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New budget language moves back next-gen SLERS deadline

It also adds an open source requirement.

The Department of Management Services has yet to break ground on a next generation Statewide Law Enforcement Radio System, but they could get more time under budget language proposed by the Senate.

The language included in the latest government appropriations bump offer would push back the deadline set in the 2019-20 budget to the upcoming fiscal year, which starts July 1.

It comes after DMS was forced to cancel a SLERS contract with Motorola solutions. The department had selected Motorola to develop the next-gen successor to the state’s current system, which was built out by Harris Corp., now L3Harris.

The contract had been tied up in the courts. After Motorola won the contract to build out the network in March 2018, L3Harris immediately challenged the decision. Harris also filed suit over the use of radio towers, which it was granted in its contract with DMS. If successful, no other vendor would be allowed to use that key component of radio infrastructure in the next system.

The legal challenges as well as a common provision included in state contracts known as “termination for convenience,” Motorola and DMS were unable to hammer out the 20-year contract.

The 2019-20 budget sent about $3.2 million to DMS from the SLERS trust fund (specific appropriation 2542). DMS was to use $1.1 million to hire experts and support staff to implement the next gen system. The 2020 budget language carries forward the unspent portion of that funding for DMS to use in the upcoming fiscal year.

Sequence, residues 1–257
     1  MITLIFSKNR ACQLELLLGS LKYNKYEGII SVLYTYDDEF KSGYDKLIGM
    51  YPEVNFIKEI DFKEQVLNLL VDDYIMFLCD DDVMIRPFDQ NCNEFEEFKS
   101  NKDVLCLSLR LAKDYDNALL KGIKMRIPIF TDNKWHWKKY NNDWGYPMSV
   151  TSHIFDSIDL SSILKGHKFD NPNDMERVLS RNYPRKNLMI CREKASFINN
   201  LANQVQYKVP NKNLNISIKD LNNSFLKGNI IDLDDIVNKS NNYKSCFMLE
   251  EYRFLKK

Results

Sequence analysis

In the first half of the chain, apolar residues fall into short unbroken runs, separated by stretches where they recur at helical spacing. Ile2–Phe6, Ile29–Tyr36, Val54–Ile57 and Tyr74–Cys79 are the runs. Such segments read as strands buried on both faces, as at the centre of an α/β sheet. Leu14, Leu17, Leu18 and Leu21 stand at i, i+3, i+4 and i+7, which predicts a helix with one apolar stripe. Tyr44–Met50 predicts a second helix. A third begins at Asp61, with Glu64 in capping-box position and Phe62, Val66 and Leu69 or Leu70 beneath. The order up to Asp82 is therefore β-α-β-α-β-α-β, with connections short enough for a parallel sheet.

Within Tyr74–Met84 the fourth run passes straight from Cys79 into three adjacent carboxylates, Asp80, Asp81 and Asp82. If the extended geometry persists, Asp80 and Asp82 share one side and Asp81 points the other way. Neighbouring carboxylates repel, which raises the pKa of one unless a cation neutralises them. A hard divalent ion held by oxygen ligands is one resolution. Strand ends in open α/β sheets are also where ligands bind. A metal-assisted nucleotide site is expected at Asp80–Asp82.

The Senate language directs DMS to resolve the outstanding legal dispute over tower use and would authorize DMS to renew the current contract. It also adds a pair of new requirements for the contract do-over.

First, DMS must complete a study to identify SLERS solutions “that will expand interoperability, improve coverage, enhance audio clarity, identify emerging technology features, and advance public safety collaboration opportunities.” The last time DMS conducted such a study was more than five years ago.

Second, the Senate would set the “Project 25 Phase II,” or P25, delivery methodology as minimum standard for the new system.

The P25 standard is open source. An open-source standard would allow DMS to more easily find a replacement vendor to take over management of the system if the initial contract winner fails to live up to their end of the deal or if they walk out on the contract.

It’s also a break from the current rules. The current SLERS system runs on the “Enhanced Digital Access Communication System,” or EDACS. EDACS is a proprietary standard offered by L3Harris and is considered obsolete.

SLERS is a unified digital radio network used by state law enforcement officers and other participating agencies throughout the state.

Operation of the system is funded through a $1 fee tacked on to vehicle registrations, and the SLERS contract is estimated to be worth around $18 million a year.

Written By

Drew Wilson covers legislative campaigns and fundraising for Florida Politics. He is a former editor at The Independent Florida Alligator and business correspondent at The Hollywood Reporter. Wilson, a University of Florida alumnus, covered the state economy and Legislature for LobbyTools and The Florida Current prior to joining Florida Politics.

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